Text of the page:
Tony Haynes of the Grand Union Orchestra writes about the orchestra’s upcoming gig at the Hackney Empire on 11th November 2012, 7:30pm
There are two basic ways to look at jazz. First, there is the literal, historical view – seeing the music as a chronological development from New Orleans roots, through its big band days to bebop and beyond. On the other hand, it can be seen as a revolutionary attitude to music-making – the emphasis on improvisation and the personality of the individual musician, and its capacity to absorb and treat creatively virtually any musical idea or tradition.
Liberation and Remembrance, Grand Union’s contribution to this great Festival, attempts to link both. It pays tribute to iconic figures in jazz history through whom the music developed, from the descendants of African slaves through Buddy Bolden and Jelly Roll Morton to Charlie Parker – that’s part of the ‘remembrance’ bit! – while celebrating the musical freedom jazz has opened up for us; and helping tell this story are some very fine present-day jazz soloists – Chris Biscoe, Tony Kofi, Louise Elliott, Paul Jayasinha, Byron Wallen, Kevin Robinson…
But that’s only part of the story, of course, as anyone familiar with Grand Union Orchestra shows will realise. Given the date, Armistice Day, it’s an appropriate occasion to acknowledge also the reality of war and the experience of those caught up in conflict or fleeing religious or political persecution. Among them are migrants and refugees now living in East London, and their culture, their music and their musicians are also woven into the show.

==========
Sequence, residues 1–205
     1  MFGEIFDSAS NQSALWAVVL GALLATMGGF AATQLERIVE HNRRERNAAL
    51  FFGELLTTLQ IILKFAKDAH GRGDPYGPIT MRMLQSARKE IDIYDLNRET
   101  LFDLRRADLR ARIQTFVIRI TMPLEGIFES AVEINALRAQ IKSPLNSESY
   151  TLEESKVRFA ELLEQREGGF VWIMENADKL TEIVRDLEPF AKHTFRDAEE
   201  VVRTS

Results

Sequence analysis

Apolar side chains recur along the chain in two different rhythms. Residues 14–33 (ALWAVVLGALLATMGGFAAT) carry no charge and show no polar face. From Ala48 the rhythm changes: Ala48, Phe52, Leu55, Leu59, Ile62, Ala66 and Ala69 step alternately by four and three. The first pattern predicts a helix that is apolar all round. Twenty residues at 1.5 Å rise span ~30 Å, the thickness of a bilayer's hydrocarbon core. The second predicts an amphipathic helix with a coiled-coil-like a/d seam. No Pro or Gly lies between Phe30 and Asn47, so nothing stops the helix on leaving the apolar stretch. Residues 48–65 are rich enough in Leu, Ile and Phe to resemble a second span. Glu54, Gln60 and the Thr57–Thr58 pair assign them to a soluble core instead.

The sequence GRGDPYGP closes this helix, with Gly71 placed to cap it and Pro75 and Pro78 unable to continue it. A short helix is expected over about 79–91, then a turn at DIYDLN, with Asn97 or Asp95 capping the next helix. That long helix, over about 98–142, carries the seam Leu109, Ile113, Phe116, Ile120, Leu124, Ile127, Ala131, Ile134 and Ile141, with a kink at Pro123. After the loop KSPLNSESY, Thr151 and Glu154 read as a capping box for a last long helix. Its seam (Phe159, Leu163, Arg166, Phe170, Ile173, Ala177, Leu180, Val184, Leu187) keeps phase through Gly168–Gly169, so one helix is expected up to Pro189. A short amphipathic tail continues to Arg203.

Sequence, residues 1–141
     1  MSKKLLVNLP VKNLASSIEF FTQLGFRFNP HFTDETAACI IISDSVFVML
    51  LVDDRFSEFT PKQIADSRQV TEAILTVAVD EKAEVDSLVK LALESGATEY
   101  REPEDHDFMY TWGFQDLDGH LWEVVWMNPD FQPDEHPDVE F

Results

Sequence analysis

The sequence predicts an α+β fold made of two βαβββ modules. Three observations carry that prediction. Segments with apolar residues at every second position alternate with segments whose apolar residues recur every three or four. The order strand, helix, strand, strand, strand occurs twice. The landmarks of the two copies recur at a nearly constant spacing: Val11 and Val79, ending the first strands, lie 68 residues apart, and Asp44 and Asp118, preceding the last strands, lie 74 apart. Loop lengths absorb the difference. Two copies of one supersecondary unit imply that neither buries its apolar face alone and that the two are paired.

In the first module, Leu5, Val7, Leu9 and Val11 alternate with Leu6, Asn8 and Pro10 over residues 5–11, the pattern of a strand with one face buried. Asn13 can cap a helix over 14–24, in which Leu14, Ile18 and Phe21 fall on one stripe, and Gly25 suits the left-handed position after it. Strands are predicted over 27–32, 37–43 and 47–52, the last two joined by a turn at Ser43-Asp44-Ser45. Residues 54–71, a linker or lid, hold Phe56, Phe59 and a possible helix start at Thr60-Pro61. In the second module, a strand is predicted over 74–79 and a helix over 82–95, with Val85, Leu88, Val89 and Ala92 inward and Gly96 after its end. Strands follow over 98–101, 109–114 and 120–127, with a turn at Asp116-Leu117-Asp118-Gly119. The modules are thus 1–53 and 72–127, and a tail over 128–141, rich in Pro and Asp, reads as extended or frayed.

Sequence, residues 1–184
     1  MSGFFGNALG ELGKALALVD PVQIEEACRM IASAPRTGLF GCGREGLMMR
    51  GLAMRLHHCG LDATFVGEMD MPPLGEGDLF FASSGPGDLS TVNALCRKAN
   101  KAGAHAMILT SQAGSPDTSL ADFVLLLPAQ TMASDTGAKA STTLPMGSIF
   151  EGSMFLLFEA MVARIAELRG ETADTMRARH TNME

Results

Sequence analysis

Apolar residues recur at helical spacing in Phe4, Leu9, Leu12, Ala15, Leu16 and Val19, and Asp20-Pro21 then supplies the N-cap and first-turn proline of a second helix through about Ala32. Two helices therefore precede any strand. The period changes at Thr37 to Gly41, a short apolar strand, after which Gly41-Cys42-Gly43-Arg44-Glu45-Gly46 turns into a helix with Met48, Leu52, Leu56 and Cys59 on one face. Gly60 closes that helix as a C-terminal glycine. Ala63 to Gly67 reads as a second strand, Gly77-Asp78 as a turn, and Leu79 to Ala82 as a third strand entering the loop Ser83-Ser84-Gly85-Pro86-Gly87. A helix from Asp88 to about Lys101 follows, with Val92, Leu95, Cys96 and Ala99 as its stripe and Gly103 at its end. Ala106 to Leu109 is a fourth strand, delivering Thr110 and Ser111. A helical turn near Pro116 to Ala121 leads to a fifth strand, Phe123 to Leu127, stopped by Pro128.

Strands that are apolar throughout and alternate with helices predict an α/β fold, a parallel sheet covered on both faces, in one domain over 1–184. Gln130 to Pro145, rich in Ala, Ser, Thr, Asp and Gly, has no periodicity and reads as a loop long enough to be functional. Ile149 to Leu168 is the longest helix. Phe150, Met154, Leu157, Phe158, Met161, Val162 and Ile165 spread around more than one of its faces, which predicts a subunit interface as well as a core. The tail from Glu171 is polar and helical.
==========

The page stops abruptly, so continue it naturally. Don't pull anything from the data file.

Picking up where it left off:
Jazz cannot but be identified with oppression and resistance, but like the music that emerged from New Orleans a century ago, the legacy of centuries of slavery, the music forged in this modern-day cultural melting pot is equally glorious and uplifting, full of energy and life.
So jazz is both the music of the liberated and the most liberated of musics; but what ultimately defines it, and distinguishes it from other musics, is that it’s also a music that must constantly re-invent itself – there can be no going back, it’s the most progressive of art-forms.
We shall certainly be true to that spirit on the Hackney Empire stage on November 11th!
Tony Haynes, Grand Union Orchestra